The Dead of Syria: A Reflection

Photo by Renato Danyi on


On a recent Monday evening, as I was watching the ABC’s panel discussion program Q&A, one of the panellists, Laurie Penny, responded to the notion that Australia (and other Western nations) owed an “obligation” to the people of the Middle East by participating in an aerial bombing campaign against the ISIS insurgent group in Syria, by arguing:

The idea that if the West was in any way involved with ISIS that gives us, therefore, a moral obligation to bomb Syria, that seems to me there’s several stages of logic missing from that equation. I’d say it is much more likely that the West actually, whether or not we have a moral responsibility in creating ISIS but particularly if we do, we have an obligation to take in Syrian refugees. That is where we start. You get those people out. It is a mess there and instead we’re saying, no, no, no, we turn those back. Just last year in Australia, I believe you had discussions of how to repatriate the few Syrian migrants who made it here to the offshore detention centres, how to send them back to Syria. This is monstrous. It is monstrous that more aid isn’t being sent to Jordan where there, I think, there are over a million refugees in camps in Oman. It is monstrous that more isn’t being done to help the people rather than saying, oh, we have a big moral duty to strut our stuff on the world stage and send in tanks. These people need to get out. They need help right now.

In other words, the “answer” to the “Syrian problem”, the most humane and moral response that also involves accepting our collective responsibility for what has happened in the Middle East, is not first military action and then aid assistance, but first helping the humanity that is suffering as a consequence of our foreign policy before turning to the military issue of dealing with the ISIS insurgency.

In reflecting on Ms Penny’s words (with which I wholeheartedly agree), I was unexpectedly taken back in time to the American Civil War, that destructive conflict waged between the United States of America and the secessionist Confederate States of America between 1861 and 1865.  Specifically, I was drawn to the Battle of Antietam, and the surprising aftermath of this horrific encounter between North and South.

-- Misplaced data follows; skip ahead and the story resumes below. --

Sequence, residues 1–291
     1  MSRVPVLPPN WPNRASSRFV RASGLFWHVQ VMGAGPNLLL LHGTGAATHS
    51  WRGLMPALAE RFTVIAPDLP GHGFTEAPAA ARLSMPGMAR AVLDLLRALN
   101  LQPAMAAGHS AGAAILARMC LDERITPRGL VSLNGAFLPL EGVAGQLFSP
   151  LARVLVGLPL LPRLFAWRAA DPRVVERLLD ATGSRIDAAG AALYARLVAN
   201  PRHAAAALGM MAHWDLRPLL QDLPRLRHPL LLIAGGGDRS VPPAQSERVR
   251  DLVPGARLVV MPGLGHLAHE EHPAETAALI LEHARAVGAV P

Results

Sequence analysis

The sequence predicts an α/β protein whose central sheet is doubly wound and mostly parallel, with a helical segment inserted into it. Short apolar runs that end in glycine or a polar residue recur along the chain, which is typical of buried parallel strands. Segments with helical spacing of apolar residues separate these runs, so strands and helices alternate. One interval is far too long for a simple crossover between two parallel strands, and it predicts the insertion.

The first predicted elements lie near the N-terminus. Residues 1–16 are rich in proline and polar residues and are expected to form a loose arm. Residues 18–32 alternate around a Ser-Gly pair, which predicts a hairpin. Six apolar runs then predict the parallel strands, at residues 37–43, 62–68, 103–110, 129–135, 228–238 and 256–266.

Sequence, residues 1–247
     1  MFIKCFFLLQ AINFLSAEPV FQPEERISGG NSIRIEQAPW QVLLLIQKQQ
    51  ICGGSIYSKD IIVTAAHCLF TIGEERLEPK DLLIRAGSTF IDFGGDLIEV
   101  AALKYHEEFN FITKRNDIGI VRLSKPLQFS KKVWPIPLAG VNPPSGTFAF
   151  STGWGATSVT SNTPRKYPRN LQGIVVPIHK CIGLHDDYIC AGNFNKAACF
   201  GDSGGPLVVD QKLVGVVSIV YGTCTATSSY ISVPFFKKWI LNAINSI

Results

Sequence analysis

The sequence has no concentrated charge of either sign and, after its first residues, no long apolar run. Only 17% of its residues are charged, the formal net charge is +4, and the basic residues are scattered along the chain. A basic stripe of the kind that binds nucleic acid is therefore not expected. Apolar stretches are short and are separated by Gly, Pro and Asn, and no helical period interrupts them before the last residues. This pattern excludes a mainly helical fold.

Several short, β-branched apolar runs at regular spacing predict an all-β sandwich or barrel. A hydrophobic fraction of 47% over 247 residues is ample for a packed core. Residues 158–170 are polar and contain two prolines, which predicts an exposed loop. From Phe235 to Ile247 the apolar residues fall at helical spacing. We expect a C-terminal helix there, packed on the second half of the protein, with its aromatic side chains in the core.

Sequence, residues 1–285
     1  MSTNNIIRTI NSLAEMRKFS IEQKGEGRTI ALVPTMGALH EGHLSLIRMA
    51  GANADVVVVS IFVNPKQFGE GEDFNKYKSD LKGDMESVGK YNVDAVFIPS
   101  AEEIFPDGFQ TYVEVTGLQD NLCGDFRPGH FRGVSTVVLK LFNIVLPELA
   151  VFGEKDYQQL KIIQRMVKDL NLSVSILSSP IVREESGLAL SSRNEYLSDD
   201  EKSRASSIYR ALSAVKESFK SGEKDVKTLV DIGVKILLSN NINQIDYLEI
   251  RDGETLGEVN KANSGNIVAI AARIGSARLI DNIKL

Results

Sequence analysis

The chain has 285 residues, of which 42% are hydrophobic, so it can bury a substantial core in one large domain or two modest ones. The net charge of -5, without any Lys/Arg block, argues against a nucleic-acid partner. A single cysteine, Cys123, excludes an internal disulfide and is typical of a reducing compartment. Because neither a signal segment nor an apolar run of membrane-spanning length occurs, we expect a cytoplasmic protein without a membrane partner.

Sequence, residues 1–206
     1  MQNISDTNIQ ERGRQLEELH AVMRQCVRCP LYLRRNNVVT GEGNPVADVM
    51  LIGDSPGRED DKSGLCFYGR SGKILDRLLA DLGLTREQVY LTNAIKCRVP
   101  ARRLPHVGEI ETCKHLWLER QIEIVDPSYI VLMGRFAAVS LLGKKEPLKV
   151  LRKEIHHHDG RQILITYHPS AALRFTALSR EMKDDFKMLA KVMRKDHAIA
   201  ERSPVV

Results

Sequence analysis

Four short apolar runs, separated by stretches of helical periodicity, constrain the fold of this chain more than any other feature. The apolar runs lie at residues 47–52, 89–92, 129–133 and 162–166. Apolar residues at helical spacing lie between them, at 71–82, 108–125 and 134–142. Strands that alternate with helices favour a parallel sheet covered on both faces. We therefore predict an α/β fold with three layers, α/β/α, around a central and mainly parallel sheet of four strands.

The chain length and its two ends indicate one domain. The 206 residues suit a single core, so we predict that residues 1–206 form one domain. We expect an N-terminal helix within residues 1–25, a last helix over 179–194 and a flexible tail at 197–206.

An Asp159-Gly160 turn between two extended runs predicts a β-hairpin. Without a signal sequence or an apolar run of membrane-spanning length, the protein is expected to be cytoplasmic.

The Battle of Antietam (also known as the Battle of Sharpsburg) took place on 17th September 1862, in Maryland.  After fending off the initial Northern invasion of the South, Confederate commanding General, Robert E Lee, decided to take the war to his enemies by invading Northern territory.  Technically speaking, Maryland was one of the so-called “Border states”, disputed territory whose citizens’ sympathies were somewhat divided between the Union and Confederate causes, but which had been occupied by Union forces from early in the War.  By invading Maryland, Lee hoped Southern sympathisers in that state – and other “Border states” – would rise up to his assistance, forcing the Union to divide its forces as it dealt with Lee’s invasion on the one hand, and the internal insurgency on the other.

Lee’s hopes, however, were dashed; no such rising occurred.  And on the 17th September, his army was confronted in its defensive positions by a Union force commanded by General George B McClellan that was almost twice its size.

The battle that took place was the most horrific day in American military history.  Over the whole course of the day, the two armies pounded away at one another through a series of attacks and counter-attacks that were characterised by vicious hand-to-hand combat, with massed ranks firing at one another and artillery batteries engaged in duels at point-blank range.  At the end of a day of catastrophic fighting – in which one Confederate officer, when asked the whereabouts of his unit, could only reply, “Dead on the field” – the Northern armies suffered 12, 401 casualties (2108 dead), while the Southern forces lost 10,316 casualties (1546 killed).  This represented 25% and 31% of the respective armies.  The result – although a technical victory for the North, since Lee was ultimately forced to withdraw to Southern territory – was a bloody stalemate in which no advantage was gained by either side.

Two days after the battle, a photo journalist by the name of Matthew Brady and his assistants arrived on the battlefield.  Brady had received special permission from President Abraham Lincoln to take pictures of the battlefield in the aftermath of the engagement – and the result was a startling exhibition entitled The Dead of Antietam, which Brady staged at his own private studio in October 1862.